image(sq, col=c(col, dcol, 'lightgrey', 'black'), what=c(bases, dbases, 'n', '-'))
}
```

The four colors, red, yellow, green and blue, are colors for A, G, C, and T respectively. The “colorRamp” function in the fifth line generates 6 colors from the combinations of  the 4 colors.

The image drawn by the new function looks OK. The heterozygous sites are shown in reasonable colors, like orange, purple and bluish green.

However, there is one problem. The color for “K” is grey, which is the same color for “N”. This is because the colors for “G” and “T” are complementary and produce grey when they are mixed.

Is there a set of colors for AGCT which does not produce grey when they are mixed?

I guess the answer is no, at least with simple colors like red-green-blue and cyan-magenta-yellow.  Because when you choose 4 colors from these basic 6 colors, at least one pair is always complementary. (If you see an RGB cube, this is obvious. You can never choose 4 vertices  without including a pair of opposite ones. Black and white are not allowed.)

Interestingly, when I google color schemes for DNA bases, they often use complementary colors to show complementary bases, say, blue for A and yellow for T. I think this is an intuitive decision, but I want to avoid using the complementary colors for my function.

I found designing good color schemes for DNA bases is an interesting topic, and  it looks  very difficult to design schemes which are both informative and beautiful. A set of vivid, informative colors often contains complementary colors while restricting your color space to avoid using them makes the image opaque and less informative.

What I did in the script  is to use 0.6, instead of 0.5 for colorRamp argument not to take the exact mid points between two colors and to avoid producing the identical greys. But, probably, there must be better approaches.

# A better plot function for GMYC result

I have received some emails and comments about the plotting function of the splits package. The plot.gmyc lacks some options. It cannot change the font size of the sample names, colors of tips, size of margins and so on. Surely, these options are important for the presentation of results. I have been thinking of updating the function, but its code is a mixture of codes written by several people and disentangling them appears a bit laborious.

So, for now, I upload a new version of the plot function.

```plot.result <- function(res, cex=0.5, edge.width=1, no.margin=F, show.tip.label=T, label.offset=0) {
plot.tree <- function(tr, mrca, cex=0.5, edge.width=1, no.margin=F, show.tip.label=T, label.offset=0) {
traverse.subtree <- function(tr, n=1) {
numtip <- length(tr\$tip.label)
sub.node <- tr\$edge[which(tr\$edge[,1] == n+numtip), 2]

res.node <- c()
for (sn in sub.node) {
res.node <- c(res.node, sn)
res.node <- c(res.node, traverse.subtree(tr, sn-numtip))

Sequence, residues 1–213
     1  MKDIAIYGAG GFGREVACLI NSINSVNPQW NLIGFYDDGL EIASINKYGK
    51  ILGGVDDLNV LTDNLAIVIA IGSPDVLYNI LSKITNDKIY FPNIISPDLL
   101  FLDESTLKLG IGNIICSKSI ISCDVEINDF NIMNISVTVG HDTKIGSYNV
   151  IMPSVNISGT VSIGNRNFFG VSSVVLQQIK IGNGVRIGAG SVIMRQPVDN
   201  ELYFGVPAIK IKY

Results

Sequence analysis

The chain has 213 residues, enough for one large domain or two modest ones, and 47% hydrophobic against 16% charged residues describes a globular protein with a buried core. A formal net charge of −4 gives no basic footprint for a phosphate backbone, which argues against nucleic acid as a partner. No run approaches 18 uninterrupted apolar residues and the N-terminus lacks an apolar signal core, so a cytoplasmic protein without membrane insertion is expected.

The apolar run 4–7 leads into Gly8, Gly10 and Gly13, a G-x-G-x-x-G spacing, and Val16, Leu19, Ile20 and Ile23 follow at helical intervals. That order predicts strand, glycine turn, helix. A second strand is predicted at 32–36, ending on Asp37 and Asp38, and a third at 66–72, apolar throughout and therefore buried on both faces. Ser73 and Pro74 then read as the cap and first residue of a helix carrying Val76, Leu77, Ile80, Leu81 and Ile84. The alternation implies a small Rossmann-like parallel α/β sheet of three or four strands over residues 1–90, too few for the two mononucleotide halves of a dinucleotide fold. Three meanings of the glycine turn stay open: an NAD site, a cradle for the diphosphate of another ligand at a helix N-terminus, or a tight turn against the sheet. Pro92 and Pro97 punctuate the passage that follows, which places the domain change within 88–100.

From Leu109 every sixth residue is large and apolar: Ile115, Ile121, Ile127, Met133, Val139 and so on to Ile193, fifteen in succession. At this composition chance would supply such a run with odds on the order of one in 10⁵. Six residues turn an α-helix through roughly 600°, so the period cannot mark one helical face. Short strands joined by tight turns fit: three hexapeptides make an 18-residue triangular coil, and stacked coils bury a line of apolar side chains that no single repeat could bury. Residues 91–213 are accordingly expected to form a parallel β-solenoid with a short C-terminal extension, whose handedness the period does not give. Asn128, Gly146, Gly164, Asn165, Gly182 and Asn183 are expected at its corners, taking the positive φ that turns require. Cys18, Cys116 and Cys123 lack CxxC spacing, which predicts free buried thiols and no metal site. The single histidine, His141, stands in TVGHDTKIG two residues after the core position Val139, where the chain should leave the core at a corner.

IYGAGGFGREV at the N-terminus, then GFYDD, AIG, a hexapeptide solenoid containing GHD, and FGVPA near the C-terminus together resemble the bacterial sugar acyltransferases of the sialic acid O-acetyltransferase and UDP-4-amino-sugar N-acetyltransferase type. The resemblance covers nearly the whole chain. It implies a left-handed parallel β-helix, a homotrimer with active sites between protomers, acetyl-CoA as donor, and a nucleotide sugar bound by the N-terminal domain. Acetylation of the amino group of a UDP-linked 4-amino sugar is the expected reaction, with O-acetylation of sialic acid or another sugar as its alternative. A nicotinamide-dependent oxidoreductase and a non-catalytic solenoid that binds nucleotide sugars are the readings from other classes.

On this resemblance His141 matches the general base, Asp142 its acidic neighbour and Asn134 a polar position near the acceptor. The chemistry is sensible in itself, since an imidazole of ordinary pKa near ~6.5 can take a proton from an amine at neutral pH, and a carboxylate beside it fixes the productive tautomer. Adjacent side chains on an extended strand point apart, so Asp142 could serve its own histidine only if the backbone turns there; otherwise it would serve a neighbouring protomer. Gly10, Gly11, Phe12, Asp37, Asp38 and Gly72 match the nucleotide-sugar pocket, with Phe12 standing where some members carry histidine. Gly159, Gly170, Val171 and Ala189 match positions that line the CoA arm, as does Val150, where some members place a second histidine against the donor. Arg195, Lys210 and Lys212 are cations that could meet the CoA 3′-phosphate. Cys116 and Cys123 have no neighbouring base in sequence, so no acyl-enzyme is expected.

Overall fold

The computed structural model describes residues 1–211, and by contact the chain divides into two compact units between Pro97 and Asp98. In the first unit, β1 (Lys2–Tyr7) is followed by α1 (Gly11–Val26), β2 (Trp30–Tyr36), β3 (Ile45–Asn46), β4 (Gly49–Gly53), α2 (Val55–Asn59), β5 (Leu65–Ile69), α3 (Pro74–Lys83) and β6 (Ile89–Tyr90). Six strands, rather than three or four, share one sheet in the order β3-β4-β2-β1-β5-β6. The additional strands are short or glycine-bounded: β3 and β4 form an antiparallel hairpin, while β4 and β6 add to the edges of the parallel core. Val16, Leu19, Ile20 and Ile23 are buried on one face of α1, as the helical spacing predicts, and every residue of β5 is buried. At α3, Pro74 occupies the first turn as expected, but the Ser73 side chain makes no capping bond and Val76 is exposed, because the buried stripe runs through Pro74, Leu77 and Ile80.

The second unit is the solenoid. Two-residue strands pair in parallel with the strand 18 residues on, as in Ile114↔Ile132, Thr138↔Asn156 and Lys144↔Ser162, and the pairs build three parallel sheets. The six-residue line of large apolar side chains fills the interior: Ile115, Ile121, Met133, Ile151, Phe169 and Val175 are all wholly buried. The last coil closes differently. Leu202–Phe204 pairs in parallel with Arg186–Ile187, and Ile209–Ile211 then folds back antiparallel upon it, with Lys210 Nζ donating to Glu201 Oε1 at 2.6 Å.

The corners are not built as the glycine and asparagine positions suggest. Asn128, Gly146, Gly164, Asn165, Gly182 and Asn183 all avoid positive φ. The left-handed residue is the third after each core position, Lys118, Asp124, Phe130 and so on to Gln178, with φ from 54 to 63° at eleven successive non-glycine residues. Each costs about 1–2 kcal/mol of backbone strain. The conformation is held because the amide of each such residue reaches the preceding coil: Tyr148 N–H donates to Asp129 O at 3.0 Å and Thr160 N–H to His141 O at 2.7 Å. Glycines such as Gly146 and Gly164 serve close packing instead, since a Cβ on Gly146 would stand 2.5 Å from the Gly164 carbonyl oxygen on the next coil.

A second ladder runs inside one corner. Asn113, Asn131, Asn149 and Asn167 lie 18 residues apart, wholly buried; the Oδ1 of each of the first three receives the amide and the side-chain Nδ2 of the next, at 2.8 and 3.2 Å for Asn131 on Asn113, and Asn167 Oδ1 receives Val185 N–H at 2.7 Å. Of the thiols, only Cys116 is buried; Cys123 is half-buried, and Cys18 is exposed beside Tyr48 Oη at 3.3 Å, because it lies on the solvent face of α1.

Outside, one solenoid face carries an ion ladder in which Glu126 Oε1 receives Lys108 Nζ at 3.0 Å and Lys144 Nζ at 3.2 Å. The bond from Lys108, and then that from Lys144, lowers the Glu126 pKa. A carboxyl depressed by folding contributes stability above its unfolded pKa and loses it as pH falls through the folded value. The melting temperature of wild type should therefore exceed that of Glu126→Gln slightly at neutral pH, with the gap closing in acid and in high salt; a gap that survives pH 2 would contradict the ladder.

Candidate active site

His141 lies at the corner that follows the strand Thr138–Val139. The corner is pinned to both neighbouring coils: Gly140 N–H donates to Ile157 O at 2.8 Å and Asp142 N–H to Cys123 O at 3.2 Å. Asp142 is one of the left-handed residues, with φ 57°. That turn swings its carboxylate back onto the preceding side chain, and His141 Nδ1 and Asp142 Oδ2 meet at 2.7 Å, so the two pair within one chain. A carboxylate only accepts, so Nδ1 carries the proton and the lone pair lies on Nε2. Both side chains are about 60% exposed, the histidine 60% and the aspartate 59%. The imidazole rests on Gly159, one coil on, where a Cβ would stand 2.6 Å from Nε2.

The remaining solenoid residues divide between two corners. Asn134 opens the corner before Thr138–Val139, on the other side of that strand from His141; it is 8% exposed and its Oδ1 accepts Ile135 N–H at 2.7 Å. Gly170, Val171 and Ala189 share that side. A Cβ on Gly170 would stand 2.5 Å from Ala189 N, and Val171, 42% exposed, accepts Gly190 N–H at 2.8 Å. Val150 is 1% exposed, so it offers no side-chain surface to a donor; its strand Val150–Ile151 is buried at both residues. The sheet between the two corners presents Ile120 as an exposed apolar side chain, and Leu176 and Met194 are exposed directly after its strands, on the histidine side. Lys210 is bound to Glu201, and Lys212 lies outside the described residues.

}
return (res.node)
}

numtip <- length(tr\$tip.label)
br.col <- rep(1, length(tr\$edge.length))

for (i in mrca) {
for (j in traverse.subtree(tr, i-numtip)) {
br.col[which(tr\$edge[,2]==j)] <- 2

}
}

plot(tr, edge.color=br.col, show.tip.label=show.tip.label, cex=cex, edge.width=edge.width, no.margin=no.margin, label.offset=label.offset)
}

plot.tree(res\$tree, res\$MRCA[[which.max(res\$likelihood)]]+length(res\$tree\$tip.label), cex=cex, edge.width=edge.width, no.margin=no.margin, show.tip.label=show.tip.label, label.offset=label.offset)
}
```

This plot function accepts the common options of the ape’s plot.phylo function, including cex, edge.width, etc.

You can change the color of edges by replacing “2” at the end of line 20 with another number or a color name. For instance,

`br.col[which(tr\$edge[,2]==j)] <- "blue" `

This makes branch colors blue.

The function can be used like the old plot function, and it should be more flexible than the old one.

``` >res <- gmyc(test.tr)
>plot.result(res, no.margin=T, cex=0.3, edge.width=1.5)
```

# from R to Python (2): libraries for statistical analysis

A couple of years ago, I wrote a post about differences between R and Python. It mainly reported differences on grammars of these languages, which I found interesting when I translated my codes.

However, I found the post is not so informative for readers looking for a primer for “Python as an environment for statistical analysis” (, which can be alternative to R). So, I will write down what I recently learned on statistical analysis using Python.

If you want to develop an R-like environment for interactive statistical analysis using Python, first you need to install following libraries:

The pandas library provides functions and classes for interactive data analysis, for example, R-like data frame, and the statsmodels for statistical modelling like GLM. The matplotlib and numpy/scipy are required for better plotting, numerical calculations and vector handling. They are mainly called from pandas and statsmodels, but you can also directly call their functions.

Installation of these libraries is relatively easy if you use Unix-like operating system, but may not so if you use Windows or Mac. However, there are plenty of documentations on how to install them on Mac or Win like this.

In addition to the libraries, you’d better install IPython, a better interactive shell for Python. IPython provides you with a command-line completion much better than the default Python shell. Without a good command completion, interactive analysis would become very stressful.

Armed with IPython and these libraries, you can do almost the same things as you can with R.

```import pandas

```